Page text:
The Bachelor (album)

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The Bachelor
Patrick wolf-the bachelor.jpg
Studio album by
Released1 June 2009
GenreIndietronica, folktronica, electronica
LabelBloody Chamber Music
ProducerPatrick Wolf
Patrick Wolf chronology
The Magic Position
The Bachelor
The Spinster EP
Singles from The Bachelor
  1. "Vulture"
    Released: 20 April 2009[1]
  2. "Hard Times"
    Released: 6 July 2009
  3. "Damaris"
    Released: 14 December 2009

The Bachelor is the fourth studio album by English-Irish singer-songwriter Patrick Wolf. The organ parts were recorded using the organ at St. George's church in Brede, East Sussex. The album charted at #49 on the UK album charts. The album was mixed at The Chairworks recording complex in Yorkshire.

Album information[edit]

St. George's Church in Brede, East Sussex taken in February 2011, where the organ parts of the album were recorded.
The organ itself inside the church. Taken from below the ground, the organ is above a case of stairs behind a door locked to the general public.

The Bachelor was originally part of a double album entitled Battle, named for the Sussex town where he recorded the new material. On 19 February 2009, Wolf announced that Battle had been split into two releases, The Bachelor and The Conqueror.[2] The Bachelor would be released 1 June 2009 and The Conqueror would see release in 2010. Speaking of the decision to split the release into two albums rather than the double album, Wolf expressed the desire "not to overload people with too much".[2] He has since suggested that while The Bachelor was practically finished, he felt that there were still "a couple of songs or stories to be written for the second part".[3]

A preview of the album as well as 2 tracks presumed to be appearing on The Conqueror were released on the Bandstocks website, and later featured on Wolf's MySpace page, entitled "Battle Megamix".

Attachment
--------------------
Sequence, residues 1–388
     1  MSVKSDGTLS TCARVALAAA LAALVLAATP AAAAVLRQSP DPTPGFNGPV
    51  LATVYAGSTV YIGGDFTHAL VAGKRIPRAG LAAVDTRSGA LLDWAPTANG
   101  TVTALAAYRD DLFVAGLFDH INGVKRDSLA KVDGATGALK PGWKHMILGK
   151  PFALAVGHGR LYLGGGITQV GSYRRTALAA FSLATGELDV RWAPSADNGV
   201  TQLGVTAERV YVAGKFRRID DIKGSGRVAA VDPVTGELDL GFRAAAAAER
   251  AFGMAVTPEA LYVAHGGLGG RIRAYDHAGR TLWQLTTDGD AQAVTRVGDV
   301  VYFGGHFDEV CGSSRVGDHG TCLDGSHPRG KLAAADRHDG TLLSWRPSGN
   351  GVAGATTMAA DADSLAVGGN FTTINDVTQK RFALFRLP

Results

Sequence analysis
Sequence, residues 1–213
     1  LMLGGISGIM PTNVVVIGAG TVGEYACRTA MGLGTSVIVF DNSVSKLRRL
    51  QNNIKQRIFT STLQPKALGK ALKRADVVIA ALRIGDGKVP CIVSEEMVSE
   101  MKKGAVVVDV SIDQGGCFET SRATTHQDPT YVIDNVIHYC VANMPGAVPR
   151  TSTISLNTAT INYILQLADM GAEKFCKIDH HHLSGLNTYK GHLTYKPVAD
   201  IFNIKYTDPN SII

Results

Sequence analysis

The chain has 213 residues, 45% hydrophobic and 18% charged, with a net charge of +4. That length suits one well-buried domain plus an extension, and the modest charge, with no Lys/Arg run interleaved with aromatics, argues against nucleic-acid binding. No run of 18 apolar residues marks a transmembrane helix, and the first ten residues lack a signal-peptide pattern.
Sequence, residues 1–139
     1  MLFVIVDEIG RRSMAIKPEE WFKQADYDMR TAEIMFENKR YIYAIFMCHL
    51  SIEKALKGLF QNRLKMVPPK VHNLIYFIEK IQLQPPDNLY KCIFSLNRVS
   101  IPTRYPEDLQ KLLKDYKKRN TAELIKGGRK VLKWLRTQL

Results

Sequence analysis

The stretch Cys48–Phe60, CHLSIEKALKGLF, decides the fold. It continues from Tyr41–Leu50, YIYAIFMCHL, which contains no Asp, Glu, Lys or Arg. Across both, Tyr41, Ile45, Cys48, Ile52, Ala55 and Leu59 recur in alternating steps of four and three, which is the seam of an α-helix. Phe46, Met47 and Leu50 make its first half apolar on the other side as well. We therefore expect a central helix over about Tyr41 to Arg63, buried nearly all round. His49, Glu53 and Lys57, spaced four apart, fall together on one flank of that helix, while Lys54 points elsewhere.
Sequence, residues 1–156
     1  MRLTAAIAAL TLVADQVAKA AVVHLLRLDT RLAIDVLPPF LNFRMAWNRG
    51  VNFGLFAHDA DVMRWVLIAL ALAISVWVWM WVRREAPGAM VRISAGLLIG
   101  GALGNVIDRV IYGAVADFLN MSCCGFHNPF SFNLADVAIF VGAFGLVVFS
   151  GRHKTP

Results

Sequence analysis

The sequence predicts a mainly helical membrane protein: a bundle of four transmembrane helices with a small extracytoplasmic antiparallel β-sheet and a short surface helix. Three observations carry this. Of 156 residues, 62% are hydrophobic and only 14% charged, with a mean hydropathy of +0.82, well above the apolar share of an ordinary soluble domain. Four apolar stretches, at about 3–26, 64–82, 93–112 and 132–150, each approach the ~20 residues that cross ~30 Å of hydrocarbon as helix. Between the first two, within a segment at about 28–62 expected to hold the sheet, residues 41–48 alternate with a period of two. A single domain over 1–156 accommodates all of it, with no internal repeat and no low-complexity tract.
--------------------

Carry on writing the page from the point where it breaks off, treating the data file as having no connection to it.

Guest musicians on The Bachelor include Atari Teenage Riot's Alec Empire (Vulture, Battle), actress Tilda Swinton (Oblivion, Thickets, Theseus), folk musician Eliza Carthy (The Bachelor) and avant-garde electronic pioneer Matthew Herbert (Who Will?).

The first single from the album is "Vulture", which was released on 20 April 2009,[1] with "Hard Times" as the second single, released in July. The third single, Damaris, was released on 14 December 2009.

The album artwork features Patrick in a similar position to his first album, Lycanthropy, and also features a similar font placement.


Professional ratings
Review scores
Allmusic3.5/5 stars [5]
Clash9/10 stars[6]
Drowned in Sound8/10 stars[7]
The Guardian3/5 stars[8]
NME7/10 stars[9]
The Observer4/5 stars[10]
Pitchfork Media(6.2/10)[11]
Q Magazine4/5 stars
Slant Magazine4.5/5 stars[12]
Uncut4/5 stars[13] awarded The Bachelor 9/10, reviewer Teri Williams writing: "(It is), like so many romantic yarns before it, epic - and a whispered breath away from sheer perfection."[14]

Track listing[edit]

All songs were written by Patrick Wolf, except track 4, which takes its lyrics from the old Appalachian folk song "Poor Little Turtle Dove",[15] track 9 and 13 by Patrick Wolf and Alec Empire.

  1. "Kriegspiel" – 0:47
  2. "Hard Times" – 3:33
  3. "Oblivion" (featuring Tilda Swinton as "The Voice of Hope") – 3:24
  4. "The Bachelor" (featuring Eliza Carthy) – 3:13
  5. "Damaris" – 5:28
  6. "Thickets" (featuring Tilda Swinton as "The Voice of Hope") - 4:08
  7. "Count of Casualty" – 5:03
  8. "Who Will?" – 3:31
  9. "Vulture" – 3:22
  10. "Blackdown" – 5:21
  11. "The Sun Is Often Out" – 3:33
  12. "Theseus" (featuring Tilda Swinton as "The Voice of Hope") – 4:40
  13. "Battle" – 3:07
  14. "The Messenger" – 3:39

Certifications, peaks and sales[edit]

Country/Region Peak
United Kingdom[16] 49


  1. ^ a b "Patrick Wolf Announces the Release of Single Vulture on 20th April, 2009". Alt Sounds. 6 March 2009. Retrieved 15 April 2012.
  2. ^ a b "Patrick Wolf changes name of forthcoming album". NME. 19 February 2009. Retrieved 15 April 2012.
  3. ^ "Arjan Interviews Patrick Wolf". Arjan Writes. 5 May 2009. Retrieved 15 April 2012.
  4. ^
  5. ^
  6. ^
  7. ^
  8. ^ Hann, Michael (29 May 2009). "Pop review: Patrick Wolf: The Bachelor". The Guardian. London.
  9. ^
  10. ^ "CD: Pop review: Patrick Wolf, The Bachelor". The Guardian. London. 17 May 2009.
  11. ^
  12. ^
  13. ^ (July 2009)
  14. ^ Album Review
  15. ^ "Archived copy". Archived from the original on 16 January 2009. Retrieved 9 June 2009.CS1 maint: Archived copy as title (link)
  16. ^ Patrick Wolf - The Bachelor - Music Charts